Hardy Coffee Co. Subscription Box Review – November 2016

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Hardy Coffee Co. promises “excellent, approachable coffee roasted in Omaha, Nebraska.” They offer a number of subscription options, including one or two 12-oz bags of either their Benchmark blend, a decaf version of their Benchmark blend, or a Single Origin selection. Prices start at $16/month for one bag of the Benchmark blends or $18/month for one bag Single Origin; they also offer discounted prices for prepaying for multiple months.

I am reviewing the Single Origin subscription. This month’s offering is La Cochilla (Guatemalan, Honey Process).


Here’s the back of the bag – in addition to tasting notes, the bag indicates when this particular batch was roasted. Freshly roasted coffee is the best!


Here’s a closer look at the tasting note from the back of the bag. What’s not to love about coffee with such great flavors? After having a few cups (or maybe more) of this coffee, I can definitely say this had nicely roasted beans. One of my favorite varieties of Hardy Coffee Co. so far!

I’ve definitely had coffee from Guatemala before, but I was unfamiliar with “Honey Process.” The one thing I don’t like about Hardy Coffee Co. is that I wish they would include just a touch more information… like what is honey processing. (Surprise – it has nothing to do with honey as most people understand it! From the magic of the Internet, I learned that honey processing describes a way of preparing the bean that leaves some of the bean’s mucilage intact.)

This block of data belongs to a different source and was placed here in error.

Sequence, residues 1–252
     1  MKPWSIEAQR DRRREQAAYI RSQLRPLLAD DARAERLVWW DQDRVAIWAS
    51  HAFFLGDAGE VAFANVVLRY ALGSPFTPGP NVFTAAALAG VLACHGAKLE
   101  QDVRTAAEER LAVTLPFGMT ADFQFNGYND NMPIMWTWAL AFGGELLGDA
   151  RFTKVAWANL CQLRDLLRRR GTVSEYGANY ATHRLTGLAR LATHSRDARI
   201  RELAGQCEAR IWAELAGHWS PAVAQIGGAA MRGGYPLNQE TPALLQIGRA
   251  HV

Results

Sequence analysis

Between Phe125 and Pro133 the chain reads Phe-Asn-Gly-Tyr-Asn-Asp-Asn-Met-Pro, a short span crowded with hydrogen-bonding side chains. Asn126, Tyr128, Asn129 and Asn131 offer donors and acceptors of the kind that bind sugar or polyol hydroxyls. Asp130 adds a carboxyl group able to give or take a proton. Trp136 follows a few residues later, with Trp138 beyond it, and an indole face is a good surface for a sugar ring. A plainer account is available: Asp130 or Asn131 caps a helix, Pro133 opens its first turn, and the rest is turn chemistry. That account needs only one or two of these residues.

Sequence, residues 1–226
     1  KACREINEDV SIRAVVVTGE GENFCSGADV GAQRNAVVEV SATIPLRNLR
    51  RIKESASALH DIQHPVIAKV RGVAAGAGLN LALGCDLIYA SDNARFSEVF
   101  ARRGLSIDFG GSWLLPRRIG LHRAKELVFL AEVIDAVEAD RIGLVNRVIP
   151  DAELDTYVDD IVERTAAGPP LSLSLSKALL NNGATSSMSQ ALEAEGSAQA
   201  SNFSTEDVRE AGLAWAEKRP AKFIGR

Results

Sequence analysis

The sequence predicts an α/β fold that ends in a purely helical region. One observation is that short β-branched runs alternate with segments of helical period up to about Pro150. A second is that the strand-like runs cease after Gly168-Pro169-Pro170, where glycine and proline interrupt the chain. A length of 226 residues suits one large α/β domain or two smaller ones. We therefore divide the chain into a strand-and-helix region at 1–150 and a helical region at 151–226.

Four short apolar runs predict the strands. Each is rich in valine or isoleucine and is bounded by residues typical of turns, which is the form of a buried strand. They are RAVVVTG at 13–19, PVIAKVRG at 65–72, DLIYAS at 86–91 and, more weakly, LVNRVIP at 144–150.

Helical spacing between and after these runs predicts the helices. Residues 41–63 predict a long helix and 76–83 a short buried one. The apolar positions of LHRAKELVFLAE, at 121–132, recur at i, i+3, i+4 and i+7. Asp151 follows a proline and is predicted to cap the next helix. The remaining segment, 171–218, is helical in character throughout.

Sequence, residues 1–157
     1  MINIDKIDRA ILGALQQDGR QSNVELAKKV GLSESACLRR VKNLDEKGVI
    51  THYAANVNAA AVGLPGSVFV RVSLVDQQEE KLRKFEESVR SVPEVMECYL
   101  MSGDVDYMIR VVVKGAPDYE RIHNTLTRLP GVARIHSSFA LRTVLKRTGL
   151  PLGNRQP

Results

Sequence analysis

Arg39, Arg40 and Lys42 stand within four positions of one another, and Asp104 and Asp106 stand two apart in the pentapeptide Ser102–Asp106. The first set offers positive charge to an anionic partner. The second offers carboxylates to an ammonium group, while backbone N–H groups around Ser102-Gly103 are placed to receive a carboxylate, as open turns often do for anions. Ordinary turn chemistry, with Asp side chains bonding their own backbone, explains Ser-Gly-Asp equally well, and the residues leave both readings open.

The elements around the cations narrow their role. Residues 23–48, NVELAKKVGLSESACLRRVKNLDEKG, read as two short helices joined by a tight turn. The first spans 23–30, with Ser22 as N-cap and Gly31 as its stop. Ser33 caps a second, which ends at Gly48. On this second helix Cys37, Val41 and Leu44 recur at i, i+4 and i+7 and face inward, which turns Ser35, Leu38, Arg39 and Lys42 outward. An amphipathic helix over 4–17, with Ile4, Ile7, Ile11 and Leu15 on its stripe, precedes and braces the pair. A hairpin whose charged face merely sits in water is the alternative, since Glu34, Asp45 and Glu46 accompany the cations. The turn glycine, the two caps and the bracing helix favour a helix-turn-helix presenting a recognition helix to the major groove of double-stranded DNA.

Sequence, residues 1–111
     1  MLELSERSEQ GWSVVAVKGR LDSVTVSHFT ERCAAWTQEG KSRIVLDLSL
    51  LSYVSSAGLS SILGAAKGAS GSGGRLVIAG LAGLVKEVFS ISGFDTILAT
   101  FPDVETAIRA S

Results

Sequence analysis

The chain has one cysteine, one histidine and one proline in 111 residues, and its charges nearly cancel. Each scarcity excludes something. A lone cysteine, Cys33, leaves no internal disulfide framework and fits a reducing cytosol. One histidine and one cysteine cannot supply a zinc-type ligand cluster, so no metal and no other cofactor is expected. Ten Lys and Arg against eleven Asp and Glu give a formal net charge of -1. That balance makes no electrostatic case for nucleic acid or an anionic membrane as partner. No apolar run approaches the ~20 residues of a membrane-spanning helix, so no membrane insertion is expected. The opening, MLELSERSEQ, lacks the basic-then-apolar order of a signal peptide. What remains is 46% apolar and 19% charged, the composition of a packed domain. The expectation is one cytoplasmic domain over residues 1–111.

Here’s a glamor shot of the beans – whole and ground. As always, I used my Black & Decker burr grinder and my mid-level Mr. Coffee maker to prepare my coffee.

The taste: The cherry/fig notes on this coffee were very pleasant. I also enjoyed kind of an earthy under-note – probably the walnut from the tasting note. It was a more complex cup of coffee than some of the other Hardy Coffee Co. roasts I’ve tried, which made me super happy.

I’m a big fan of Hardy Coffee Co.’s single origin subscription – the variety is fantastic and the coffee is almost always very good. (Even the few roasts I haven’t liked have been good – just not as deep/complex as I prefer.) So long as you aren’t looking for any detailed information about the bean, origin, or roasting process, Hardy Coffee Co. is a great option!

Have you tried Hardy Coffee Co.?


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